‘I’d like to reach out’ – Royston woman who spent seven weeks in a coma returns to home town after haemorrhage

Susan Webster with a memory book made by staff at Addenbrookes hospital has returned home after suff

Susan Webster with a memory book made by staff at Addenbrookes hospital has returned home after suffering from a fall on the 14th October 2014 caused by a Subarachnoid haemorrhage which left her in a coma for 7 weeks - Credit: Archant

A woman who came close to death after suffering a haemorrhage which left her in a coma for seven weeks is calling out to friends in Royston to come and say hello, as she returned to her home last week.

A year ago almost to the day, Susan Webster had a life-changing fall that almost ended her life.

A keen rider ‘always on the go’, she had just gone to check on her horses in a field between Sandon and Therfield.

She said: “I looked at the ground, it was very uneven. The next thing, my legs just went. I ended up on my knees, I couldn’t get up.”

The 53-year-old, who has been riding horses since the age of 10, called emergency services, but couldn’t tell them where she was before passing out.

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Luckily somebody from Tyrrell’s Equine Clinic was nearby, found Susan, and called an ambulance to take her to Addenbrooke’s Hospital in Cambridge.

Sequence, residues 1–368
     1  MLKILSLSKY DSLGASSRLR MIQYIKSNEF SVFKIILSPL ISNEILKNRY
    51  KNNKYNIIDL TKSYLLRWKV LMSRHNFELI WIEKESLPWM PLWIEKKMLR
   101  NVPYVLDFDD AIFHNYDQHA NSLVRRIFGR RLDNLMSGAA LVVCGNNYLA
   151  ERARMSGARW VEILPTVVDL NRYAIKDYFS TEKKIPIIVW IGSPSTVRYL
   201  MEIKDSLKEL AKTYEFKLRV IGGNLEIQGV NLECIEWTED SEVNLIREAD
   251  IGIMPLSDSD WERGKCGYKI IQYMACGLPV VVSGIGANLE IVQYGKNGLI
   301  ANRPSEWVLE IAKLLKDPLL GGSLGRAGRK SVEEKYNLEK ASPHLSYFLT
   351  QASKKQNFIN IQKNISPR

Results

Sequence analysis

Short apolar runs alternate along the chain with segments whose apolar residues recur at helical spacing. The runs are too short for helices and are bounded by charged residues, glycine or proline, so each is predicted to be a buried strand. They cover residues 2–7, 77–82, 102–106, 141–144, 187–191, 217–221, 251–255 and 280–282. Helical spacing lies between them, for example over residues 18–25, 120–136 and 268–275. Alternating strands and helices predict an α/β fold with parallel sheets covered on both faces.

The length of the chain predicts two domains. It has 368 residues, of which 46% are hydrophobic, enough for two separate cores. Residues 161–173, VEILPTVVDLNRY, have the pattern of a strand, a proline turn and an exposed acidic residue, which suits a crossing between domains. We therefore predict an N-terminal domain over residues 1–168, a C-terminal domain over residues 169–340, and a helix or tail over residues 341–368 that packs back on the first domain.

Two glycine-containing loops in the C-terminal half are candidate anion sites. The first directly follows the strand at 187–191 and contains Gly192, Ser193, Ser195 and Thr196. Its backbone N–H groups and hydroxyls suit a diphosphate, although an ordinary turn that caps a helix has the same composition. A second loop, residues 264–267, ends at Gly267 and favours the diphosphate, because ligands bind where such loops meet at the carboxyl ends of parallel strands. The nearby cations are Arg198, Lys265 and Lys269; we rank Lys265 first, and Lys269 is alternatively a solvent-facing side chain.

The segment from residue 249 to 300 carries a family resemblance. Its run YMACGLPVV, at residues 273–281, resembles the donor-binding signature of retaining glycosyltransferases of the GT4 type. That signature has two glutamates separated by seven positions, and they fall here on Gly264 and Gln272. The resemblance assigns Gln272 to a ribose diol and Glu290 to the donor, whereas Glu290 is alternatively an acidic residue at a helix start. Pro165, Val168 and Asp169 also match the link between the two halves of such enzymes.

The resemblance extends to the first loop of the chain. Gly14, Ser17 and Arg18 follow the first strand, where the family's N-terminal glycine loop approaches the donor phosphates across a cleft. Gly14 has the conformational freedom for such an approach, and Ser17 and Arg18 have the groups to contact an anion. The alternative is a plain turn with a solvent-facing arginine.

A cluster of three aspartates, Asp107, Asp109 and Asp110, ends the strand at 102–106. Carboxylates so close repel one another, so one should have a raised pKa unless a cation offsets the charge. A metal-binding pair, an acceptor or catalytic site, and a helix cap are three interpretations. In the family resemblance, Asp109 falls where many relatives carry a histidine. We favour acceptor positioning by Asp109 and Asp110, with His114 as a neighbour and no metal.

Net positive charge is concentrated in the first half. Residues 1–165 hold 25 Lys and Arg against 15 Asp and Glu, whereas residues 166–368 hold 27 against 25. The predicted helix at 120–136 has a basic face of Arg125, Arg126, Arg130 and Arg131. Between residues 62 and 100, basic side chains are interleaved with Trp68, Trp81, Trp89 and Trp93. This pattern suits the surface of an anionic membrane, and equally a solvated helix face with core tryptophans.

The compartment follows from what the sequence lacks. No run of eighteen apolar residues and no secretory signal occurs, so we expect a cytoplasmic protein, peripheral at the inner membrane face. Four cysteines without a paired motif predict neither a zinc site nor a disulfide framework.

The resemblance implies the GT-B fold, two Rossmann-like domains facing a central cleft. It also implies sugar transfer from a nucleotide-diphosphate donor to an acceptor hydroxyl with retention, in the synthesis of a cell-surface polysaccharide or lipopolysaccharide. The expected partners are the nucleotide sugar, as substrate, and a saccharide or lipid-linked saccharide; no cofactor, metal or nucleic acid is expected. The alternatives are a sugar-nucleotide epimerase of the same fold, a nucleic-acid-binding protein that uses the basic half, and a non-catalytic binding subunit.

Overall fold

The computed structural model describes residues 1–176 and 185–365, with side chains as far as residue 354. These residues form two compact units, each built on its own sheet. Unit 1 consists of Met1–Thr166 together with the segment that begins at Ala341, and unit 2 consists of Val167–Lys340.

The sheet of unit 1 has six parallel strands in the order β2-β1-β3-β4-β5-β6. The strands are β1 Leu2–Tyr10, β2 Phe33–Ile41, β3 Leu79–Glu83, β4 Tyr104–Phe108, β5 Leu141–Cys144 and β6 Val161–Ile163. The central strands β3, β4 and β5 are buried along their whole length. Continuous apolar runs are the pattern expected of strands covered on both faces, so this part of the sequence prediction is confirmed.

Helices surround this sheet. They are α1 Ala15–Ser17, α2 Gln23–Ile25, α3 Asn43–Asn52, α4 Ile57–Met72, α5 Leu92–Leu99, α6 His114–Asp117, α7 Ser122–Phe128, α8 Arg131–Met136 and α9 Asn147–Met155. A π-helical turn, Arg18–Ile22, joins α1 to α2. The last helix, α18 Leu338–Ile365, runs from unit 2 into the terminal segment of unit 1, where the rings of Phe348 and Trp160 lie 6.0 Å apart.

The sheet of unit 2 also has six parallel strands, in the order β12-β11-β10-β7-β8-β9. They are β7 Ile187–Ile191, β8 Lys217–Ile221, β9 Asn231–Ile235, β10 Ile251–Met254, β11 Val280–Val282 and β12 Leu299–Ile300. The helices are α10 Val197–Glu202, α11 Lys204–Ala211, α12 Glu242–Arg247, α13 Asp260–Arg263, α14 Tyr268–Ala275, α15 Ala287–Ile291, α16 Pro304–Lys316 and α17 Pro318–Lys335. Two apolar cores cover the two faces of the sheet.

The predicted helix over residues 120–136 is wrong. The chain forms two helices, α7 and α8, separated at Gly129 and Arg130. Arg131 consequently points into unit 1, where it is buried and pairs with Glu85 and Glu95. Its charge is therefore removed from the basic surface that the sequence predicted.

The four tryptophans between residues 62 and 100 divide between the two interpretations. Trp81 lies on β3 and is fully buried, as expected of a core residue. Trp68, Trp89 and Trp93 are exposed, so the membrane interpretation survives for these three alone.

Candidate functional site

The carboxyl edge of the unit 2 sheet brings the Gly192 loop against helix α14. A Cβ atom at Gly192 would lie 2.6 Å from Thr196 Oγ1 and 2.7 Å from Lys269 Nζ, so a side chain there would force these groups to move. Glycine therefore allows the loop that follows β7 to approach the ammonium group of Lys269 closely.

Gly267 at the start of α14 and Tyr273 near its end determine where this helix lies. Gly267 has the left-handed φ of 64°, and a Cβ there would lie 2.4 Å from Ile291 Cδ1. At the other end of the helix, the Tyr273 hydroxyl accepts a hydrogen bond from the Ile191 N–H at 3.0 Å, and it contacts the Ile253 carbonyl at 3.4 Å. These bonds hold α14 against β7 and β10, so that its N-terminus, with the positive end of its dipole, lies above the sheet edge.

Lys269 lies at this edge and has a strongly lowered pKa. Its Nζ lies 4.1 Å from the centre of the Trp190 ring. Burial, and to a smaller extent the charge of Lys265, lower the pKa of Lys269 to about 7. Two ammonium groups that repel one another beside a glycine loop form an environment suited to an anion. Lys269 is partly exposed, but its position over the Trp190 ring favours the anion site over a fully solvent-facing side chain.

When she got to hospital, doctors found she had suffered hypothermia and a subarachnoid haemorrhage.

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She said: “The next thing I wake up after being in a coma for seven weeks. I woke up and needed to go to the loo. People were in shock to see me awake.”

Susan was then taken to a care home in Northampton to recover, and has been staying there for the last nine months.

Now she’s now back in Royston, her home for 27 years, and wants to reach out to people who know her.

She said: “It’s good being back. I’m tired at the moment. I can’t walk very far, my legs have been quite weak. I’m still not 100 per cent, but I’m getting there.

“It’s been a bit of a hectic time. I haven’t really seen anyone since I got back. Some people I think recognise me and look like they’ve seen a ghost because I’ve been away so long.

“Somebody said: ‘Hi, how are you?’ when I was out the other day, but I can’t remember who, I’ve suffered a bit of memory loss.

“I’d also like to reach out to anybody who helped find me when I fell. I’d like to say thank you.”

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